Inside my planetary orbit, the pros practice the ominous-sounding "offensive snake drill," which involves one player weaving through a pack of skaters, getting blocks from her teammates. It's fast-paced training that involves more than a little pushing and shoving. These women definitely aren't ladies.

Someone wipes out, spinning a tornado on the slick floor.

"You're all right," another skater shouts at her. "Get up and go!"

The skaters range in age from 19 to 43 years old. (At 46, I'm practically a brittle-boned granny among this crowd.) They're teachers, mothers, scientists and saleswomen, and they've all got cool roller-derby names, like Lady Stardust, Rice Rocket, Vanna Whitetrash, Katakillzem, Voodoo Doll and Devlyn Angel.

"If you're not strong when you get here, you're strong when you leave," says Muffin, an accountant who moonlights as a bartender at the Jackalope.

Rollergirls attend a pair of two-hour all-league practice sessions a week, plus additional team practices. They run the stairs at Mount Bonnell, get yelled at by a coach at the HIT Center and more. In all, most players spend about five nights a week honing skating skills and flexing muscle.

"I used to not have a butt," Muffin says. She does now. "My legs are strong; my balance is good. And I've got endurance."

Katakillzem, aka 29-year-old Katherine Lansdowne, has been playing roller derby for five years. It's her second year in Austin, a hotbed of the sport credited with sparking the revival of roller derby.

"It's a girls-only sport. It's not a boys-did-it-and-then-the-girls-did-it thing. Most of the time you have guys dominating and women trying to prove they're as good as the guys. In this sport, women set the precedent." Lansdowne says. "We're a lot of really strong-minded women."

Olympia Ellison, 29, a health investigator for City of Austin, has been playing for the Hotrod Honeys for seven months. A former power forward on her collegiate basketball team, she's been an athlete all her life. But this is different.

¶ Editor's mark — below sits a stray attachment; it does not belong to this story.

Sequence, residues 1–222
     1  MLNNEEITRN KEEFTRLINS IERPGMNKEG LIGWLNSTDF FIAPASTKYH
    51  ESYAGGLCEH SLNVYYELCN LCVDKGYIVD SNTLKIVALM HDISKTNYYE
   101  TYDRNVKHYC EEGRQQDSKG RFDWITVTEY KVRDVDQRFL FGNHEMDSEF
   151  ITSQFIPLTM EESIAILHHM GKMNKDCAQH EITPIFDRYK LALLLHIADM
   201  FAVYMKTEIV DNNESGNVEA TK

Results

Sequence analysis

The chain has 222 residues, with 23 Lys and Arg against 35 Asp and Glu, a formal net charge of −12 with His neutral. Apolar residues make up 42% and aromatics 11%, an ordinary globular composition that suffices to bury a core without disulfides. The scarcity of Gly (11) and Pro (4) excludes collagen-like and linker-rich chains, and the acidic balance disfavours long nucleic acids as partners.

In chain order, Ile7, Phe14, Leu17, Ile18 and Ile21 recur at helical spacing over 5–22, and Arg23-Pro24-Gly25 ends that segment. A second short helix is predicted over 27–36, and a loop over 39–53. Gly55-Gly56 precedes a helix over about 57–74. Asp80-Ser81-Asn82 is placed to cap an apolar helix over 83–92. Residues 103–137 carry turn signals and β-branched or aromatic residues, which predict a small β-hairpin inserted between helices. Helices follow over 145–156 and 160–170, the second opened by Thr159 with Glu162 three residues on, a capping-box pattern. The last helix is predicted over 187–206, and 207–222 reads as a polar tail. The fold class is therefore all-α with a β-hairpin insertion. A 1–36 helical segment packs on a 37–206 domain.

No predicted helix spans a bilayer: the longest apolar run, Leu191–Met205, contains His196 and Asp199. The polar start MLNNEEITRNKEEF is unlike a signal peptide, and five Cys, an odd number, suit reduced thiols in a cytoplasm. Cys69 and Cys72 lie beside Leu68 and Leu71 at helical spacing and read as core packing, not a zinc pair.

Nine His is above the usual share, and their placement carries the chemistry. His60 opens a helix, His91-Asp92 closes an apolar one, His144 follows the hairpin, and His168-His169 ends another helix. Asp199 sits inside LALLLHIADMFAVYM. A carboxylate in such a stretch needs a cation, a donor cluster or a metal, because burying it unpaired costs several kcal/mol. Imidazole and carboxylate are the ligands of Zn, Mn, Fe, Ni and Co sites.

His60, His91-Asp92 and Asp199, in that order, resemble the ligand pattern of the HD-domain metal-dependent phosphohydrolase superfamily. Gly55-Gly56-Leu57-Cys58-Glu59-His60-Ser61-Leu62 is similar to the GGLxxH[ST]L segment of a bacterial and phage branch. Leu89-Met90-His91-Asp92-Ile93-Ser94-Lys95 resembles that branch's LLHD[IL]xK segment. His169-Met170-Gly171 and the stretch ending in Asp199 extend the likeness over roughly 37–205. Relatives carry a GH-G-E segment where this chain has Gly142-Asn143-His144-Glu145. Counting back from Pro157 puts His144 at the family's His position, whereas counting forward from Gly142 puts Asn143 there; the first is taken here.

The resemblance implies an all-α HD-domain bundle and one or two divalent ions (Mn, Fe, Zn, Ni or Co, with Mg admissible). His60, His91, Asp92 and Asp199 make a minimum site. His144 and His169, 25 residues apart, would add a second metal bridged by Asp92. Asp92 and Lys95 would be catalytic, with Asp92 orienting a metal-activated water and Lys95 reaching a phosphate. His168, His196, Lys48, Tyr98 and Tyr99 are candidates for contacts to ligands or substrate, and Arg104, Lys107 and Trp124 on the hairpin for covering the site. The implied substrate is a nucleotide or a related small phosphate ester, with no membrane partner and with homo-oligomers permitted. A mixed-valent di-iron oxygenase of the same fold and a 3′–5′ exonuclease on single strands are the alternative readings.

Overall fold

"Here you can wear cute clothes and hit girls," she says. "It's like Halloween. It's so much fun."

The regular season started in February and ends in August, although the all-star team will continue to play through the fall.

The local league, a nonprofit organization, operates under the governing body of the Womens Flat Track Derby Association, which oversees more than 70 teams in the U.S. and Canada.

"It's not your typical hobby," says Fearlys, aka training director Lyssa Clifton, who runs her own eyelash studio. "There's nothing wrong with book club or volleyball, but I needed something a little more aggressive. No other sport can you beat up on your best friends and they still respect you and love you. And it makes me happy."

It makes me happy, too, just whizzing around the rink and steering clear of everyone else.

I practice a few skills, including falling — which the Rollergirls call "controlled lowering."

I'm not as graceful as the more experienced skaters, but I manage to plop onto one knee and skid along for a while with my arms in the air, like I'm in a goat-tying competition.

Yeah. I could get used to this.

After two hours, the women glide off the rink, another practice under their belts.

I yank off my skates and hand them back to Muffin.

No broken bones!

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If you go ...

The Texas Rollergirls play at Playland Skate Center, 8822 McCann Drive. Tickets are $12 in advance or $15 at the door. Matches are scheduled for 6:30 p.m. June 27, July 25 and Aug. 22. For more information, go to www.texasrollergirls.org .

pleblanc@statesman.com; 445-3994